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New Cervid (Artiodactyla) Fossils from Middle Siwaliks of Pakistan

PJZ_50_4_1489-1495

 

 

New Cervid (Artiodactyla) Fossils from Middle Siwaliks of Pakistan

Muhammad Adeeb Babar1,*, Sayyad Ghyour Abbas1, Muhammad Akbar Khan1, Kiran Aftab2, Muhammad Hanif1, Muhammad Asim1 and Muhammad Akhtar1

1Dr. Abu Bakr Fossil Display and Research Centre, Department of Zoology, Quaid-e-Azam Campus, University of the Punjab, Lahore

2Department of Zoology, University of Gujrat, Gujrat

ABSTRACT

New dental material of cervids from Middle Siwalik deposits of Potwar Plateau, Pakistan has been described. The remains are recovered from the outcrops, situating in three districts of Punjab, namely Kaulial Kas in Attock district, Dhok Pathan in Chakwal district, and Hasnot and Padhri in Jhelum district, Punjab, Pakistan. The outcrops date to Dhok Pathan formation (Late Miocene – Early Pliocene). The identified cervid species include Rucervus cf. simplicidens, Cervus cf. triplidens and Cervus cf. sivalensis. These specimens provide additional information about the recorded cervid species and contribute to recent work from the Middle Siwalik Hills of Pakistan.


Article Information

Received 20 November 2017

Revised 28 December 2017

Accepted 18 January 2018

Available online 25 June 2018

Authors’ Contribution

MAK and MA conceived and designed the study. MAB and SGA acquired, analyzed and interpreted the data. KA, MAB, MA and MH wrote the article.

Key words

Cervidae, Miocene, Pliocene.

DOI: http://dx.doi.org/10.17582/journal.pjz/2018.50.4.1489.1495

* Corresponding author: babar.441@gmail.com

0030-9923/2018/0004-1489 $ 9.00/0

Copyright 2018 Zoological Society of Pakistan



Introduction

 

Cervids entered in the Siwaliks during the Pliocene time with their similarity to European fossil deer of Pliocene (Barry et al., 2002). The Upper Siwalik rocks of Pakistan have produced several cervid species (Arif and Raza, 1991; Khan et al., 2014). Five cervid species Rucervus simplicidens, Cervus triplidens, C. rewati, C. sivalensis and C. punjabiensis are reported from the Siwaliks (Azzaroli, 1954; Arif and Raza, 1991; Khan et al., 2014; Ghaffar et al., 2006, 2010, 2015, 2017). The studied specimens are recovered from four localities of Dhok Pathan Formation, Middle Siwalik Subgroup, including Kaulial Kas (Attock district), Dhok Pathan (Chakwal district), and Padhri and Hasnot (Jhelum district).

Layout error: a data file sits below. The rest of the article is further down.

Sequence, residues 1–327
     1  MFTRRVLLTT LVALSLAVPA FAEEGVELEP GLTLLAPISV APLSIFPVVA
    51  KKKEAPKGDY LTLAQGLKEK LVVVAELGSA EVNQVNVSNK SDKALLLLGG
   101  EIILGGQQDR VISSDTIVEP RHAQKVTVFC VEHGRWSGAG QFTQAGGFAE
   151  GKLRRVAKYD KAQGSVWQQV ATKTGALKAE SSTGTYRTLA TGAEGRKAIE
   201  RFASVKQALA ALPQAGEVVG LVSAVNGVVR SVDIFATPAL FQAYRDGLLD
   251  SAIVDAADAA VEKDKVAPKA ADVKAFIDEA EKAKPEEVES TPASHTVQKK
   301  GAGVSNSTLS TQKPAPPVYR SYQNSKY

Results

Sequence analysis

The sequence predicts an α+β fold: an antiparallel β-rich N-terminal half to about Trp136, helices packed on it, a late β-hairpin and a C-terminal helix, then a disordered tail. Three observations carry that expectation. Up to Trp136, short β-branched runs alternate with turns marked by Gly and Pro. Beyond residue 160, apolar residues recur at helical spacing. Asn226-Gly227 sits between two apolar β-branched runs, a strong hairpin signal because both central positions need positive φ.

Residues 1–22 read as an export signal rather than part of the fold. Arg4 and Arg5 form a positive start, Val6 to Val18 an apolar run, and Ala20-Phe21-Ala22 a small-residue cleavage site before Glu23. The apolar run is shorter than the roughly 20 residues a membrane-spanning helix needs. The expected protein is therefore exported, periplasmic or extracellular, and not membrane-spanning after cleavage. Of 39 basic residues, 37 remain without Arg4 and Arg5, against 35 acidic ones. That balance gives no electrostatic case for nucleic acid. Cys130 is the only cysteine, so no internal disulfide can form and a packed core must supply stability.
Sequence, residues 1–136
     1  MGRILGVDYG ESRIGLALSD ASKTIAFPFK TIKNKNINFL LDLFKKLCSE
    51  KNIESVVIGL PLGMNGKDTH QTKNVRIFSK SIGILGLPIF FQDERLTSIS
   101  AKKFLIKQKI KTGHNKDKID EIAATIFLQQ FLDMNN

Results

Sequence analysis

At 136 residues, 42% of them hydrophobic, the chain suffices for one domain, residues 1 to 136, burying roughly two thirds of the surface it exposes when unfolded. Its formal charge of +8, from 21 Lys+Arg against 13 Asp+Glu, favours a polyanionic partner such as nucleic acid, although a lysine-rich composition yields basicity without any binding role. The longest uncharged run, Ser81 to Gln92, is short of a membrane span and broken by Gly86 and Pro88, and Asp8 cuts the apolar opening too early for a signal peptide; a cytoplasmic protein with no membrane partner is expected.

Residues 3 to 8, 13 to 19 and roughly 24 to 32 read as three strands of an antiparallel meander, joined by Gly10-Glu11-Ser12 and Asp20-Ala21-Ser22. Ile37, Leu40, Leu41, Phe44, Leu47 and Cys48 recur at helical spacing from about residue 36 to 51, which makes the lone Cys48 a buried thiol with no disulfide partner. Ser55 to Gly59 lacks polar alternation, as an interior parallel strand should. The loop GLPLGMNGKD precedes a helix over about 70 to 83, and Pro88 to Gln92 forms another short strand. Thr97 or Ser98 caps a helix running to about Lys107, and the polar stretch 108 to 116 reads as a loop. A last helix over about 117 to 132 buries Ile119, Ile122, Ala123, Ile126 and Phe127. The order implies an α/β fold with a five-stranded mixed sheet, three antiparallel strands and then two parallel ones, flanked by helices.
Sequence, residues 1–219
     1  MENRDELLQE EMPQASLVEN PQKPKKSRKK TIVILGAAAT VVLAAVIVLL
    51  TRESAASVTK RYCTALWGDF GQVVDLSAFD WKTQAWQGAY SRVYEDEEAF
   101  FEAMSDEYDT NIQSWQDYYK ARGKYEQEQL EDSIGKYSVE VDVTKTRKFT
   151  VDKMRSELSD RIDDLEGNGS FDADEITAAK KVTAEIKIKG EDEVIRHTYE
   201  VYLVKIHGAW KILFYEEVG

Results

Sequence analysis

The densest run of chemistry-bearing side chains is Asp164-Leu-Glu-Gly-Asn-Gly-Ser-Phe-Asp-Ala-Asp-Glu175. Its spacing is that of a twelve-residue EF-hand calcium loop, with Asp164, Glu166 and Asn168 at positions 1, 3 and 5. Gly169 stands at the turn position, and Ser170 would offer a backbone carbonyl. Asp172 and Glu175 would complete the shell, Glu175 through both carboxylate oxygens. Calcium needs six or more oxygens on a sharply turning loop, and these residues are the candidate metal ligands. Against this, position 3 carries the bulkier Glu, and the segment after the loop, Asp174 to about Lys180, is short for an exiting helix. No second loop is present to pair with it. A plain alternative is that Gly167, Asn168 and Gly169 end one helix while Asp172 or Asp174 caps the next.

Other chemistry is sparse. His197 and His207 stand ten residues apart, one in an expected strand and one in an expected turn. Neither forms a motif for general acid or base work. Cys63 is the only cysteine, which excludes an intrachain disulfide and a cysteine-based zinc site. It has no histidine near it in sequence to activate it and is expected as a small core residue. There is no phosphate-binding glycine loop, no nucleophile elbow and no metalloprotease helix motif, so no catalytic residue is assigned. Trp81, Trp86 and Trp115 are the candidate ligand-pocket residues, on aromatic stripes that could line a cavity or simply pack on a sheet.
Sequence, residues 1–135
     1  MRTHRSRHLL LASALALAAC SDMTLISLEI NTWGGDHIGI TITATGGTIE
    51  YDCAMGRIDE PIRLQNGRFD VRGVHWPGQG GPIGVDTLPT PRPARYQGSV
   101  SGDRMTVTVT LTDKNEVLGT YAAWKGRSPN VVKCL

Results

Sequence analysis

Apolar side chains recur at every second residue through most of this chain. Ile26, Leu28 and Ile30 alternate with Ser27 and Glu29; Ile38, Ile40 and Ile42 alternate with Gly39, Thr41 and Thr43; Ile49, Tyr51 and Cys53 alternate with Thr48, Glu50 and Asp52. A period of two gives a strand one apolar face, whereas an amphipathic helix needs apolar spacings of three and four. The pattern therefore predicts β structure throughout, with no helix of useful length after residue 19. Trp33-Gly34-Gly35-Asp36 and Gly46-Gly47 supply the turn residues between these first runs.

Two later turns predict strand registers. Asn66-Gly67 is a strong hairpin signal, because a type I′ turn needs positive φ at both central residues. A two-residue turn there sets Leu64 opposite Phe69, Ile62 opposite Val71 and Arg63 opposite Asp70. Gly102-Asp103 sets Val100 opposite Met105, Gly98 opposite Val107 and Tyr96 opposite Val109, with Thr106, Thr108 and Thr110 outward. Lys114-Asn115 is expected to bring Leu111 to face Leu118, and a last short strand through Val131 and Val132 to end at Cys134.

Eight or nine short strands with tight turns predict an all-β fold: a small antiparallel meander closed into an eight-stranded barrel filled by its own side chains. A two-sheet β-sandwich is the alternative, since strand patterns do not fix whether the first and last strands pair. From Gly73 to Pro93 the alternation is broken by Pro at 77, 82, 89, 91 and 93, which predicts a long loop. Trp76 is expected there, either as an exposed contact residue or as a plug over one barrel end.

The Dhok Pathan Formation is characterized by the light-colored sandstone with alternate clay and minor layers of conglomerates. The sediments have orange shale with less compacted gray sandstone bodies and red-brown mudstone with a few thin conglomerate interbeds. Sandstone and superposed red mudstone often form fining-upward couplets where the lower contact is erosional and lined with ripped-up clasts of the underlying mottled and red-brown clay stone. At a few places, thin crevasse-splay sheets, around 30 cm thick, clast-supported conglomerates occur. These conglomerate beds often contain unidentifiable bone and tooth fragments.

Sandstone beds in upper section gradually get thicker and multistoried. These substantially thicker, vertically stacked and laterally extensive individual gray sandstone units, form a fining-upward sequence with thinner dull red to brown siltstones on top (Behrensmeyer and Tauxe, 1982). Varicolored, mottled, highly bioturbated paleosol horizons, form distinct and laterally extensive units within the siltstone. The magnetic polarity and stratigraphic dating has constrained the age of the Dhok Pathan Formation to between 10.1–ca. 3.5 Ma. The lower part of the Dhok Pathan Formation is dated 10.1-9.0 Ma and the upper part is dated at ca. 9.0-5.5 Ma (Cande and Kent, 1995; Barry et al., 2002).